In [5]: import eggs  # cython version

In [6]: timeit eggs.main()
100 loops, best of 3: 5.51 ms per loop

update: as Glenn Maynard point out in the comment, while i < N: i+= 1 is not pythonic.
I test xrange implementation.
spam.py is the same as Glenn Maynard's verison. foo.py's code is:

def main():
    for i in xrange(6553500):
        pass
    a = i
    return a

if __name__ == "__main__":
    print main()
~/code/note$ time python2.7 spam.py  # Glenn Maynard's while version
6553499

real    0m2.128s
user    0m2.080s
sys     0m0.044s
:~/code/note$ time python2.7 foo.py  # xrange version, as Glenn Maynard point out in comment
6553499

real    0m0.618s
user    0m0.604s
sys     0m0.016s
share|improve this answer
2  
I consider cython a different language since you loose dynamic typing. –  rapadura Nov 1 '10 at 11:45
1  
@AntonioP, agree, cython is not python. the cython code is used to explain why python's foo/while loop is slow. –  lotrpy Nov 1 '10 at 12:33
5  
@AntonioP: No, cython doesn't lack dynamic typing. It adds optional static typing. But yes, it's not Python. –  delnan Nov 1 '10 at 13:02
    
That is not correct. Cython is Python. Cython is not CPython. Cython allow both static and dynamic typing, you lose nothing. Cython is Python and any Python code will work under Cython with no change whatsoever, except some features that are not implemented in Cython.... yet! –  Kilon Nov 11 '10 at 9:57
1  
So apart from Cython having some features that CPython doesn't, and CPython having some features that Cython doesn't yet, they're the same language? I am not buying what you're selling. –  Russell Borogove Nov 29 '10 at 20:13

On my friend's laptop (Windows7 64 bit, python 2.6, 3GB RAM), python takes only around 1 sec for 6553500 and 10 secs for 65535000 input. I wonder why your computer is taking so much time. It also shaves off some time on the larger input when I use xrange and local variables instead.

I cannot comment on Ruby since it's not installed on this computer.

share|improve this answer
    
Moreover different languages have different ways of implementing the same thing. Some of them work faster in one language then the other. These both program look same but using global variables and incrementing "i" seem to be the main bottleneck in the program. Maybe Ruby optimises it better than Python. –  tushartyagi Nov 1 '10 at 11:03
    
what kind of optimization does ruby perform? Why doesnt python do it? Can you install ruby and try it out if its not too much of a hassle? –  rapadura Nov 1 '10 at 11:10
    
@AntonioP, they have different optimizations. You can look into their source code, if you want... ftp.ruby-lang.org//pub/ruby/1.9/ruby-1.9.2-p0.tar.gz and python.org/ftp/python/3.1.2/Python-3.1.2.tgz –  Nakilon Nov 1 '10 at 11:16

It's too simple test. Maybe in such things Ruby is faster. But Python takes advantage, when you need to work with more complex datatypes and their methods. Python have much more implemented "ways to do this", and you must choose the one, which is the simplest and enough. Ruby works with more abstract entities and it requires less knowledge. But when it is possible in the same task in Python go deeper in it's manuals and find more and more combinations of types and methods/functions, it is possible after time to make much more faster program, than Ruby.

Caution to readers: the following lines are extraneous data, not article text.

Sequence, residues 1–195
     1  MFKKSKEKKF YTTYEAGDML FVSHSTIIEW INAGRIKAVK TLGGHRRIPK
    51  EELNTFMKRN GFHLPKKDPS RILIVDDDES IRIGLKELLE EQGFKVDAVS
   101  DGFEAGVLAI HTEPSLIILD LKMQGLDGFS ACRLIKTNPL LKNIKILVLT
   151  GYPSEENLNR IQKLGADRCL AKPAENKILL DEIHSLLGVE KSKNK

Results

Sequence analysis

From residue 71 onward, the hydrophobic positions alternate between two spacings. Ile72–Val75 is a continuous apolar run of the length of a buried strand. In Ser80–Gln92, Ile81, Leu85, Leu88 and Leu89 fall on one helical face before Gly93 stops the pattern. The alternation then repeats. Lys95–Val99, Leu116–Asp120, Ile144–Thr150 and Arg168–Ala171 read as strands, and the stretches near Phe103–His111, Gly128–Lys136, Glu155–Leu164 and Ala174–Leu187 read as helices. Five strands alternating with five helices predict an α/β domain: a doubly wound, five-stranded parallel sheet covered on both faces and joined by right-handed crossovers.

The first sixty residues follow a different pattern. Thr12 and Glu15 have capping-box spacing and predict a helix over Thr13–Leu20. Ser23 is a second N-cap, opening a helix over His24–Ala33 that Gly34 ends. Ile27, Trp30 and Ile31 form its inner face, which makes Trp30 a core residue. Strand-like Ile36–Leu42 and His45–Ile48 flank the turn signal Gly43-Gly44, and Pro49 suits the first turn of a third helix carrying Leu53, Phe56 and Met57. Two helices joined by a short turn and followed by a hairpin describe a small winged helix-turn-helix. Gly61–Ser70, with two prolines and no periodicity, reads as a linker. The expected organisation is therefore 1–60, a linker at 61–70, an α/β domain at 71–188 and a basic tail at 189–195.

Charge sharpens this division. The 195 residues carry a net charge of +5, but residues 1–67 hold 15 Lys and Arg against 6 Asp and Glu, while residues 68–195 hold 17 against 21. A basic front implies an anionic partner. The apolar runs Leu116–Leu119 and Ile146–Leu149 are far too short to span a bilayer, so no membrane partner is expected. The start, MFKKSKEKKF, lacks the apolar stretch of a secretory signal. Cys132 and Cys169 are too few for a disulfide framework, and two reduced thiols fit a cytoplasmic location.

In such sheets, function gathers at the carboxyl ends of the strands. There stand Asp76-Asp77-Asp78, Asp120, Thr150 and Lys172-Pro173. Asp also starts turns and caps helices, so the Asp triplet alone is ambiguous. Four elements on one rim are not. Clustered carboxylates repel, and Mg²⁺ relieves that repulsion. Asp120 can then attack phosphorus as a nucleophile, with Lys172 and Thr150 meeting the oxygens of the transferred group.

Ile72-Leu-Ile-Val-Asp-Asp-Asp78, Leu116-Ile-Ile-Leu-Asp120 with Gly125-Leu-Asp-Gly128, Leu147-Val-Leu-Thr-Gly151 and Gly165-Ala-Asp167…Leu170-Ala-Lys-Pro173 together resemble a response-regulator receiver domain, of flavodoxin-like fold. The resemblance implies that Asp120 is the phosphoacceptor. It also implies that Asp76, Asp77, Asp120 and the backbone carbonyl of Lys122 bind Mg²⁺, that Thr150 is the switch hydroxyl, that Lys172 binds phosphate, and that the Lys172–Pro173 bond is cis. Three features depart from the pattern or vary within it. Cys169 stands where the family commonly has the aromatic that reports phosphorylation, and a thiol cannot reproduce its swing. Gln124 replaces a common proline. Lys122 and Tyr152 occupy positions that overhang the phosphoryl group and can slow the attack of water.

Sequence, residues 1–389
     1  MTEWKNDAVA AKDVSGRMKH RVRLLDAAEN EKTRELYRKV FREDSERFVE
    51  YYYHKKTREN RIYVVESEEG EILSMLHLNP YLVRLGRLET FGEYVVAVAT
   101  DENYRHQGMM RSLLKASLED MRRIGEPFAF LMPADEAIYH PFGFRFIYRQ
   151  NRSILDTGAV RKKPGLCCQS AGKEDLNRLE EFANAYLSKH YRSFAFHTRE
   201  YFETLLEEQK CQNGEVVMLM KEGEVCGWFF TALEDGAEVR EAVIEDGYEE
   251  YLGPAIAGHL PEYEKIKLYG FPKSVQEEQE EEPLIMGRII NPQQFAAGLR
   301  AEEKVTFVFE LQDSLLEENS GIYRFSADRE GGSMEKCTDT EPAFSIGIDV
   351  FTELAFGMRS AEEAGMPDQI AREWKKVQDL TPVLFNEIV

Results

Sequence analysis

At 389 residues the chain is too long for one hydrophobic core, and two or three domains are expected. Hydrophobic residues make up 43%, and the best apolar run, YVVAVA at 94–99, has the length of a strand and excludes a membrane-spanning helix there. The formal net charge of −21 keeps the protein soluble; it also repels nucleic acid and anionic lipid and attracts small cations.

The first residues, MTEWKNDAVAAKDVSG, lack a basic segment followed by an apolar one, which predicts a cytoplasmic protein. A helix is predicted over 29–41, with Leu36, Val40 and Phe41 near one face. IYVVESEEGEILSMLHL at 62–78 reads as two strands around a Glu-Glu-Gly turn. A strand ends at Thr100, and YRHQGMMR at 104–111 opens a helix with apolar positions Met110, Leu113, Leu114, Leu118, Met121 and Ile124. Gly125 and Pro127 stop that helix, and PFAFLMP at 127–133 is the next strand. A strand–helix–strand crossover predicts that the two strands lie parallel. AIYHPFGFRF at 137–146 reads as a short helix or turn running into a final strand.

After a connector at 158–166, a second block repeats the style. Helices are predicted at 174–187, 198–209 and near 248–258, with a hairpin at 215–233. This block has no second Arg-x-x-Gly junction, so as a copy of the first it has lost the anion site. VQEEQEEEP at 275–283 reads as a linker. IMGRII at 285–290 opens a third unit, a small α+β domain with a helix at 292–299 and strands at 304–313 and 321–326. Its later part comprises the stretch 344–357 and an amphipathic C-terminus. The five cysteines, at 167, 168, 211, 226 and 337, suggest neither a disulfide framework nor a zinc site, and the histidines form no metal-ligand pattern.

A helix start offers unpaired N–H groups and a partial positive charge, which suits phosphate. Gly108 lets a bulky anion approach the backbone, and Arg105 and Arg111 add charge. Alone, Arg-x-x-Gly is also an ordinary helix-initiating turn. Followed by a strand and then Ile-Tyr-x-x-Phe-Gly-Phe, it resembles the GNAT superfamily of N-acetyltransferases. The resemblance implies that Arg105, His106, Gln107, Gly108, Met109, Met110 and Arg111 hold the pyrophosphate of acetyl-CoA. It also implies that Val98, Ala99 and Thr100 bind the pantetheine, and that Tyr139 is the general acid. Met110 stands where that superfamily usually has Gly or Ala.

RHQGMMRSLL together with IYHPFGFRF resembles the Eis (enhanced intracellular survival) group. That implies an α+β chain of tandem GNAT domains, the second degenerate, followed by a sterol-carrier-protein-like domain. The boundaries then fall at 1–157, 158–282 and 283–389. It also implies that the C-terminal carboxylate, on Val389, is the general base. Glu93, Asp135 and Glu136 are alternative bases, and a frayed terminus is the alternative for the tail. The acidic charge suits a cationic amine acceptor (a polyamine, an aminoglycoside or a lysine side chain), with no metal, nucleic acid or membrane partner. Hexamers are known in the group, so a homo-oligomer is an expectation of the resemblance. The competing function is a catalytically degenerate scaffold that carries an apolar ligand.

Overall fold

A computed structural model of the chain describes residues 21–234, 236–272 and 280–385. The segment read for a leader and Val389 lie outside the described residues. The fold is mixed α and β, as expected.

Ruby is simplier and easier to write, if you just want to get result, not perfomance. But the more complex you task is, the more advantage Python will have in perfomance after hours of optimizing.

UPD: While Ruby and Python have so much common things, the perfomace and high-levelness will have the reverse proportionality.

share|improve this answer
1  
In addition, global variables in Python are slow. If you put the same code in a function and call that function, it'll be a lot faster. –  Thomas Wouters Nov 1 '10 at 10:43
1  
I wasnt trying to conclude which language is "better" or a guide in which language I should use, just an explanation for this, and exactly (the above programs), difference in speed. I dont care about what each language as or doesnt or how it is supposed to be done. I just want to know what can influence the huge difference in speed for a very very simple program which looks exactly the same in both languages. @Thomas, I moved it to a function, still the same. –  rapadura Nov 1 '10 at 10:49
2  
I started to explain where this answer didn't make sense, then found that pretty much every sentence in this answer is nonsense, so I gave up... –  Glenn Maynard Nov 1 '10 at 10:54
    
The code may look "exactly the same", but because the languages are in fact quite different, they're not actually the same. The semantics are different, even if you don't notice in the code because you're only relying on a small portion of the semantics. As for putting it in a function, see Glenn Maynard's answer. –  Thomas Wouters Nov 1 '10 at 10:55
    
@AntonioP, as I said at the beginning, it's too simple test. It's not an ASM, and after compiling this program will have a lot of pages of machine code, which was processed by hundreds of different (really different for different languages) optimizations. If you could look into it's machine code, you would never think it was the same program ) –  Nakilon Nov 1 '10 at 10:56

Your Answer

 
discard

By posting your answer, you agree to the privacy policy and terms of service.

Not the answer you're looking for? Browse other questions tagged or ask your own question.